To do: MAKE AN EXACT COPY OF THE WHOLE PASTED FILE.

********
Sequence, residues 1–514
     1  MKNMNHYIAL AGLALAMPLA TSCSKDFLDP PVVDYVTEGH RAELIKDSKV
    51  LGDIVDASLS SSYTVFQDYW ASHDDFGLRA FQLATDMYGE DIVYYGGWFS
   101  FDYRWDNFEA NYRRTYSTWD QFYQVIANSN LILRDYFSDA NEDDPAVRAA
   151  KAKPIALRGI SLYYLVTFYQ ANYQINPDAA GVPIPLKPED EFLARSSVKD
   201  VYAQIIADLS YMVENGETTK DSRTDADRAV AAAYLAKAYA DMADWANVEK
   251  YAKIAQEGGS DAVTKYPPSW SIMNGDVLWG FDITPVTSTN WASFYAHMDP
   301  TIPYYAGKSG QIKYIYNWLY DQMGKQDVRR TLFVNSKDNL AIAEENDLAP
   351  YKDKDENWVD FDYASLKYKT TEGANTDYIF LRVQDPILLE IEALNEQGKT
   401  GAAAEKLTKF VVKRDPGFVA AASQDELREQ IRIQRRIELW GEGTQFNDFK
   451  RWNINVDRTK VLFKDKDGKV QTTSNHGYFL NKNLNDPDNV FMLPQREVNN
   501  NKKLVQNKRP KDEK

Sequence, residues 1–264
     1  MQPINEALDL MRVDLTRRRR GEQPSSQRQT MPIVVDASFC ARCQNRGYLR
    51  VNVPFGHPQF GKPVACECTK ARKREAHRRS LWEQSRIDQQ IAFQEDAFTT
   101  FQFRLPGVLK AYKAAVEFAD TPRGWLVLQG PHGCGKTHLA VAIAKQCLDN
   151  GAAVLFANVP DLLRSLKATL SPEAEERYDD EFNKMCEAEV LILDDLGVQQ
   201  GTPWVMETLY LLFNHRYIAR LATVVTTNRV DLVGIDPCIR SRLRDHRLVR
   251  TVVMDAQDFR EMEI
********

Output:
Sequence, residues 1–514
     1  MKNMNHYIAL AGLALAMPLA TSCSKDFLDP PVVDYVTEGH RAELIKDSKV
    51  LGDIVDASLS SSYTVFQDYW ASHDDFGLRA FQLATDMYGE DIVYYGGWFS
   101  FDYRWDNFEA NYRRTYSTWD QFYQVIANSN LILRDYFSDA NEDDPAVRAA
   151  KAKPIALRGI SLYYLVTFYQ ANYQINPDAA GVPIPLKPED EFLARSSVKD
   201  VYAQIIADLS YMVENGETTK DSRTDADRAV AAAYLAKAYA DMADWANVEK
   251  YAKIAQEGGS DAVTKYPPSW SIMNGDVLWG FDITPVTSTN WASFYAHMDP
   301  TIPYYAGKSG QIKYIYNWLY DQMGKQDVRR TLFVNSKDNL AIAEENDLAP
   351  YKDKDENWVD FDYASLKYKT TEGANTDYIF LRVQDPILLE IEALNEQGKT
   401  GAAAEKLTKF VVKRDPGFVA AASQDELREQ IRIQRRIELW GEGTQFNDFK
   451  RWNINVDRTK VLFKDKDGKV QTTSNHGYFL NKNLNDPDNV FMLPQREVNN
   501  NKKLVQNKRP KDEK

Sequence, residues 1–264
     1  MQPINEALDL MRVDLTRRRR GEQPSSQRQT MPIVVDASFC ARCQNRGYLR
    51  VNVPFGHPQF GKPVACECTK ARKREAHRRS LWEQSRIDQQ IAFQEDAFTT
   101  FQFRLPGVLK AYKAAVEFAD TPRGWLVLQG PHGCGKTHLA VAIAKQCLDN
   151  GAAVLFANVP DLLRSLKATL SPEAEERYDD EFNKMCEAEV LILDDLGVQQ
   201  GTPWVMETLY LLFNHRYIAR LATVVTTNRV DLVGIDPCIR SRLRDHRLVR
   251  TVVMDAQDFR EMEI